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Ignore President Donald Trump’s fake claim of a “growing security crisis” on our southern border.

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Trudy Rubin | The Philadelphia Inquirer

His fearmongering only distracts Americans from our real security crisis: a chaotic foreign policy increasingly run solo by a president who believes himself too “brilliant” to need advice. A president who makes consequential decisions by tweet without consulting top advisers or allies. A president who believes he is uniquely qualified to make deals with despots but gets played by them every time.

The security threat posed by Trump was vividly on display last week.

Even as Trump was misusing his prime-time address, his national security adviser and secretary of state were traipsing the Mideast in a desperate attempt to calm allies spooked by his sudden tweet that U.S. troops were quitting Syria.

Yet the president’s behavior remains so erratic, the cleanup mission was doomed to fail.

Let’s briefly recap the Syria debacle: Trump’s mid-December tweet came just after a phone call with Recep Tayyip Erdogan; the Turkish president pledged to take on the remaining fight against ISIS if the U.S. withdrew its 2,000 troops from Syria. Secretary of State Mike Pompeo said Monday that Erdogan had also promised Trump he would “protect” Syrian Kurdish fighters allied with America in smashing ISIS.

Trump apparently bought both of Erdogan’s blatant falsehoods.

“The president hasn’t read his briefing books,” says the Council on Foreign Relations Turkey expert Steven Cook. Erdogan has made clear over and over that his primary enemy in Syria is the Kurds, not ISIS. Indeed, when President Barack Obama asked for Turkish help in pushing back a powerful ISIS attack in 2014 near Turkey’s border, Erdogan made clear he’d rather kill Kurds.

Cook adds, “The idea that Erdogan would fight ISIS is totally ridiculous.” Turkey’s military is not geared for such guerrilla warfare, nor are their Sunni Arab militia allies in northern Syria capable of doing so.

Yet the Turks are asking us to turn over U.S. bases in Syria, and to give the Turkish military weapons and intelligence. Says Cook: “People in the U.S. military are saying, ‘Why are we doing this when the Turkish military will turn around and kill our (Kurdish) allies?’”

The answer: Trump is so clueless about the Mideast that he accepts Erdogan’s pledges. Not surprisingly, Erdogan wants to deal with only a gullible Trump while ignoring the president’s unhappy advisers, who were not consulted before the tweet and oppose a speedy pullout.

The Turkish leader refused to meet with National Security Adviser John Bolton in Ankara last week, after Bolton demanded that Turkey agree to protect our Kurdish allies. (Clearly, Bolton didn’t believe Erdogan’s promise to Trump.)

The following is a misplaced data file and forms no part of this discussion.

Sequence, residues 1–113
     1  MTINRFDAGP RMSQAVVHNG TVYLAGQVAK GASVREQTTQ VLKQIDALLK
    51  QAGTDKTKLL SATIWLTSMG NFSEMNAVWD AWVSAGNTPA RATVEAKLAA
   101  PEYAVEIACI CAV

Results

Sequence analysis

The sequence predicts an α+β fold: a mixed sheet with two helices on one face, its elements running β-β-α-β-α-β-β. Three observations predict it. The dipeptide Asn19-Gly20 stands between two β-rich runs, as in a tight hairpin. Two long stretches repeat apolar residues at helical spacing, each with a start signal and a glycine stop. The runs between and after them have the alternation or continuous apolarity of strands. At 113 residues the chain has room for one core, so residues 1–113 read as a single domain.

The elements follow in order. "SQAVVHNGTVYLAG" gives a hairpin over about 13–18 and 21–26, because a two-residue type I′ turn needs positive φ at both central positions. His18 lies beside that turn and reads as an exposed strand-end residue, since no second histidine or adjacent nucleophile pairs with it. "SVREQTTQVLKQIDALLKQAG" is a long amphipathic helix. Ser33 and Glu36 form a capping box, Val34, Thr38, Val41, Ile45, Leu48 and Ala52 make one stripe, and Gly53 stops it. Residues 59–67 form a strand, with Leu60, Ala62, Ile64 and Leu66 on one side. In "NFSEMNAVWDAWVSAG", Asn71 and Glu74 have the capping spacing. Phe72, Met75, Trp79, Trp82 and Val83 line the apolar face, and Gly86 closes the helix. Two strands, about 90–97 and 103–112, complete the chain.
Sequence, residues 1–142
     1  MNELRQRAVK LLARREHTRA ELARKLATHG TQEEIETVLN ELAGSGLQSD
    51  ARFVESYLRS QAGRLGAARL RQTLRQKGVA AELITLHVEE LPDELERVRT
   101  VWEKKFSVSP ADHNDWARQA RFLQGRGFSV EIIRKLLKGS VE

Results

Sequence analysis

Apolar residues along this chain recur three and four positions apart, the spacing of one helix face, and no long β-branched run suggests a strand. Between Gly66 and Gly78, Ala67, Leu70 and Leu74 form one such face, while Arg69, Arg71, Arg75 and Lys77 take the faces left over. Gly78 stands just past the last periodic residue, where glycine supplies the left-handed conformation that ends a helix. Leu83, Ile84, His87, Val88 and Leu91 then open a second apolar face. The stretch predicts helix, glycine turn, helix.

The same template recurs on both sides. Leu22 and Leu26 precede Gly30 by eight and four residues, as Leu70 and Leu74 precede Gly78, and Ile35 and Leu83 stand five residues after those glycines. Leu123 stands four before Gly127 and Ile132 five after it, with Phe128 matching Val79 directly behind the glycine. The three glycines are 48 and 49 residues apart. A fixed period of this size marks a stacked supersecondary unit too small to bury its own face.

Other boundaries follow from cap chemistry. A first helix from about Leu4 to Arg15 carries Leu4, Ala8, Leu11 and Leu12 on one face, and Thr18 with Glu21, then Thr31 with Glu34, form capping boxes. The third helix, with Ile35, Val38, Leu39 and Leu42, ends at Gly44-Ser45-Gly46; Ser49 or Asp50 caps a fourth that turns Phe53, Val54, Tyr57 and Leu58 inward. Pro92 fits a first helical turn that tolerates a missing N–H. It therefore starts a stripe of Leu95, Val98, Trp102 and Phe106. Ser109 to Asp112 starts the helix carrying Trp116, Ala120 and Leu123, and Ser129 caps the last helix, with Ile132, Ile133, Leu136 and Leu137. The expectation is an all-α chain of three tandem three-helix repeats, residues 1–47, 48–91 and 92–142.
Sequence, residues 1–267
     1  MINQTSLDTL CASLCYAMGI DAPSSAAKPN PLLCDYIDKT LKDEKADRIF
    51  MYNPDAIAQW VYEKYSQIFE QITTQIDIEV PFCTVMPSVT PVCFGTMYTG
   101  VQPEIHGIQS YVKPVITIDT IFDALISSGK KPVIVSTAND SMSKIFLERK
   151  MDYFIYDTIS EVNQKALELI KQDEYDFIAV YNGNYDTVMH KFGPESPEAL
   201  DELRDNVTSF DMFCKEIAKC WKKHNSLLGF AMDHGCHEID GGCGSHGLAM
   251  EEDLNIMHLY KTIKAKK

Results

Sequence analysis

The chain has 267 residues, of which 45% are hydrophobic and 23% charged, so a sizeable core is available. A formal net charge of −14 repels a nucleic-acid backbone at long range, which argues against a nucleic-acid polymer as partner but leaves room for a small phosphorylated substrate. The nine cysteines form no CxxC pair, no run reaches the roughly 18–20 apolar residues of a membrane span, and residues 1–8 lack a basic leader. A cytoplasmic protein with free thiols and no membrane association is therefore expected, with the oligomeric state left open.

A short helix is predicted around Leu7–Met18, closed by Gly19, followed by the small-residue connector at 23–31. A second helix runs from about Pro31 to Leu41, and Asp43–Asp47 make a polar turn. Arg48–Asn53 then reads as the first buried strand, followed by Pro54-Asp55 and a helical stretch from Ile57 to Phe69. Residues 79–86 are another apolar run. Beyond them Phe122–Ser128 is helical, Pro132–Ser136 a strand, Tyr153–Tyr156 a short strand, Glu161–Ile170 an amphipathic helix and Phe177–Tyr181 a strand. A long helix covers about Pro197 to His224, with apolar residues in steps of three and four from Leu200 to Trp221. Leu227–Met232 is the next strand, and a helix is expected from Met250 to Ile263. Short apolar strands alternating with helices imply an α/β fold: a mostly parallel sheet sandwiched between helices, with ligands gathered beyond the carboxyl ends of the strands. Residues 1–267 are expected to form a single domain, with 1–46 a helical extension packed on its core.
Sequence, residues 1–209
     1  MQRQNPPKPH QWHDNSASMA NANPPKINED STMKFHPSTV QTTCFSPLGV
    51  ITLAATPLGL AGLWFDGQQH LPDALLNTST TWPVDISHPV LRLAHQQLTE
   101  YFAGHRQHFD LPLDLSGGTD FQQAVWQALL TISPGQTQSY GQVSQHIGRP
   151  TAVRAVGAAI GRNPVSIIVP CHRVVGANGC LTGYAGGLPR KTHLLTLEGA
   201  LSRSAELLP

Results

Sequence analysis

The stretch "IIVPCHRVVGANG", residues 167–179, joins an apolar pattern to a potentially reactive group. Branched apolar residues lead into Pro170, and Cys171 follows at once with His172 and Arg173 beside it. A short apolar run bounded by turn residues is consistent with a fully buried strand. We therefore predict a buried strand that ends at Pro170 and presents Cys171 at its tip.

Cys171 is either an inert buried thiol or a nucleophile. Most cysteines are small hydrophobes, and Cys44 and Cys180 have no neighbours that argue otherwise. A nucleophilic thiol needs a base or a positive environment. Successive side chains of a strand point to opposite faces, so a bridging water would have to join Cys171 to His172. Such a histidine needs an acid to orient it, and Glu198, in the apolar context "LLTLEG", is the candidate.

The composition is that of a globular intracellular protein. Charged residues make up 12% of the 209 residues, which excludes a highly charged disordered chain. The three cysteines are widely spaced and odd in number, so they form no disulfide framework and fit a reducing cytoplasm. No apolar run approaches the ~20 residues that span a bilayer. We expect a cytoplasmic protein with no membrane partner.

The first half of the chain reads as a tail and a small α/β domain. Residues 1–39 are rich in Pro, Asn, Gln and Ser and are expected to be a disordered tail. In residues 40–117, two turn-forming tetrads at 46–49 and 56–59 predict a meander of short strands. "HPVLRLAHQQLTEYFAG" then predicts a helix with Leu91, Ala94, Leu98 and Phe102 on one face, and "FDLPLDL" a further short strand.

Bolton and Pompeo are each traversing the region in an effort to reassure Israel and Gulf Arabs that a U.S. pullout won’t encourage an ISIS revival, and embolden Iran to expand its operations in Syria.

But why should our spooked allies believe Bolton or Pompeo, when the president doesn’t listen to them? (Secretary of Defense James Mattis resigned after failing to change the president’s mind on the Syria withdrawal.)

And why should any allies trust Washington, when they know Trump may sell them out with a tweet based on ignorance or pique?

The Syria case lays bare the threat posed by a president who thinks he has infallible instincts, and has no clue that he is being played by despots whose instincts, and knowledge, are far better than his.

Just as Trump was easy prey for Erdogan, he has lapped up Vladimir Putin’s falsehoods, and has yet to budge Xi Jinping — or North Korea’s Kim Jong Un — on key security and nuclear issues. Obsessed with leader-to-leader negotiations, the president may ultimately make bad deals, or after coming up empty, drift into military conflict.

What makes Trump’s obsession with a border wall even more outrageous is that it distracts attention from all the real threats elsewhere. The White House has yet to cite one case of a known terrorist sneaking in across the southwest border and had to retract false claims by press secretary Sarah Huckabee Sanders to the contrary.

Indeed, the primary threat to U.S. security, according to the 2018 assessment by the director of national intelligence, is cyberattacks against critical infrastructure and markets, with Russia and China atop the list of malign actors.

Yet Trump refuses to direct an all-of-government pushback against cyber warfare and has dismantled the office of White House cybersecurity coordinator. He continues to deny the realities of Russian meddling.

And his government shutdown has sidelined nearly half the staff of the Department of Homeland Security’s new cybersecurity agency, which was supposed to guard against network attacks.

Next on the threat list are the rise of smaller nuclear and biological weapons, and the still-real terror threat from ISIS and al-Qaeda. The president hasn’t paid any attention to the former. And, if he follows his instincts, he will promote an ISIS revival in Syria by betraying the only Syrian fighters, the Kurds, who truly took on the jihadis.

To rephrase Pogo, “We have met the security threat, and he is Trump.”

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Philadelphia Inquirer columnist Trudy Rubin can be reached at trubin@phillynews.com.

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